And take a severe beating the men do. As we noted in our recap of the trailer and fight sequence footage shown last week, the film does little in way of editing tricks to mask the fighting. We wrote, “eschewing the conventional wisdom of quickly clipped and disorienting ‘Bourne’ style fight sequences, this brawl between the two actors was extremely grounded, mapping out a plain-in-sight geography that put the focus on pure and grueling mano y mano combat.”

And Soderbergh noted this is exactly how he wanted it. “People really get hit in this film and they get hurt,” he said. “Yes, they were wearing padding [referencing a brutal fight sequence between Carano and Fassbender] but they banged each other up pretty badly” (Fassbender got a vase accidentally smashed against his face). No one went unscathed, not even a stunt person. “Gina calibrated just slightly off on a punch and knocked out a stunt man cold on the first few days of shooting.”

In terms of the austere and “anti-‘Bourne’ ” geography of the fight sequences, this too is by design. The filmmaker noted, that each scene has no music, little sound outside of grunting and the smashing of objects and all the fighting is there for audiences to witness. “It’s my bête noire – disorientation,” he said. “As an audience member you want to actually see what’s going on; [that editing style] it’s a bit of a cheat. So it tends to bother me as a viewer when I don’t know where you are in the scene because the editing and rhythm is far too clipped. I feel like sometimes [progenitors of this style] aren’t giving their audience enough credit.”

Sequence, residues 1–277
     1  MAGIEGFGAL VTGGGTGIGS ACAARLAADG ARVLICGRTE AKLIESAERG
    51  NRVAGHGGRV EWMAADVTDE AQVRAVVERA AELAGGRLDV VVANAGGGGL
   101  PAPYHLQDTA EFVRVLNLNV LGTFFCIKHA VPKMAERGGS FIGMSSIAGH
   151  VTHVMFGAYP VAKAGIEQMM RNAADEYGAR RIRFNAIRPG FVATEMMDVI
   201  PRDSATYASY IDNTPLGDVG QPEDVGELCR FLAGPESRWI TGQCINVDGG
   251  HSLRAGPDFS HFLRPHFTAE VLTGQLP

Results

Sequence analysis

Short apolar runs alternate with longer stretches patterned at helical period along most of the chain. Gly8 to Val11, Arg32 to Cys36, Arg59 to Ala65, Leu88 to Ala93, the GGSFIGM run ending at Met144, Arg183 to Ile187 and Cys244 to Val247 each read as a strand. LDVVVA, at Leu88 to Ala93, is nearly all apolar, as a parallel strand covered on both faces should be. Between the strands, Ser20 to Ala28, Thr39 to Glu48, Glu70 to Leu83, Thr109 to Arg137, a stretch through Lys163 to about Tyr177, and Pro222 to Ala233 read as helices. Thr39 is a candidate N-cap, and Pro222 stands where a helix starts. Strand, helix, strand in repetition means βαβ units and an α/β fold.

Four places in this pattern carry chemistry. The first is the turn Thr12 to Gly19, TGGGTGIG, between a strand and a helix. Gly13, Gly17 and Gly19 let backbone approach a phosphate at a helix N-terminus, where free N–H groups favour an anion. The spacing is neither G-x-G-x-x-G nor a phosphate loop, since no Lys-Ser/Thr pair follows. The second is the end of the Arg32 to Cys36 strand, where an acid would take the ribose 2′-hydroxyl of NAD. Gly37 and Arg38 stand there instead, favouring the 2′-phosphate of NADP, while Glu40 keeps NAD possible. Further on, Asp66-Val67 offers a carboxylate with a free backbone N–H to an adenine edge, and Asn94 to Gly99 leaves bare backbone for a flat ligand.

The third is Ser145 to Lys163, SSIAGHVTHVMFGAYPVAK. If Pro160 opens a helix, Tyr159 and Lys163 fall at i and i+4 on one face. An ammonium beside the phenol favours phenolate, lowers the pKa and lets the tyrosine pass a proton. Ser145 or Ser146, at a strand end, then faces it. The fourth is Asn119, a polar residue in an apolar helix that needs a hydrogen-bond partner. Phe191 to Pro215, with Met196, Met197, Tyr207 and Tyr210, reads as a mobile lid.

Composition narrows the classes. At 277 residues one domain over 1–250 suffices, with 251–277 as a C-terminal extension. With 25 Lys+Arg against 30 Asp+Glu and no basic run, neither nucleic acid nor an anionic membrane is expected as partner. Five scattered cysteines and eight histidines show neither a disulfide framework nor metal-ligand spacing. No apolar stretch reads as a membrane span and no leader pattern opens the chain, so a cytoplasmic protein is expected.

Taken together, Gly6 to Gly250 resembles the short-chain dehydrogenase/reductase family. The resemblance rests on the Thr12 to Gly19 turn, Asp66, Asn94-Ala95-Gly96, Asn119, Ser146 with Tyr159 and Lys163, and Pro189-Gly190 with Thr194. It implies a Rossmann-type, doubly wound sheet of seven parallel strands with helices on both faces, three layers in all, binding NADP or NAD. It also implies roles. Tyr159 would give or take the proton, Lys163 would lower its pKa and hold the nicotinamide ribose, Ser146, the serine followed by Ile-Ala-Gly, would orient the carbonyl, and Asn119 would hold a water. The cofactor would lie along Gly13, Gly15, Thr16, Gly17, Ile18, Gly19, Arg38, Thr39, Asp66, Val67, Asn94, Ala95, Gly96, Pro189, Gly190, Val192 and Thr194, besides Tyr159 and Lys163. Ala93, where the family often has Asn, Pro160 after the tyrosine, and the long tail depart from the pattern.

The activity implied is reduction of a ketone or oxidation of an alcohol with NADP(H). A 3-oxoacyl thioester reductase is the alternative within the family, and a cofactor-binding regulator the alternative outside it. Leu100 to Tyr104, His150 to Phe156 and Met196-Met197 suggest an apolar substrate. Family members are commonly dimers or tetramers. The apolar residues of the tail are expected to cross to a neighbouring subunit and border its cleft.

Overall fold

But the director also noted that he didn’t choreograph the fighting this way to be contrarian, it’s just the style of action he enjoys from films of the 1960s where actors like Rod Taylor kick ass in a suit and tie in the middle of a five-star hotel. ” ‘From Russia With Love‘ is my favorite Bond movie and I’ve always wanted to make a spy film,” he said. “The geography is all there too [in the fight sequences]. They’re not hiding.”

Part of the inspiration for making the film was watching Carano busting skulls on television and realizing someone had to leverage this woman on screen (and he then realized, that someone should be him). And the second half of that inspiration was the challenge the omnivorous filmmaker is constantly seeking to keep things creatively fresh. But he didn’t make it necessarily easy for himself. “I don’t storyboard things, so with this film I stuck to that rule and we just figured out the choreography of the fighting on set as we were shooting,” he said, explaining that this nervewracking process was part of the fun. “It keeps things fresh and it keeps things alive and charged.”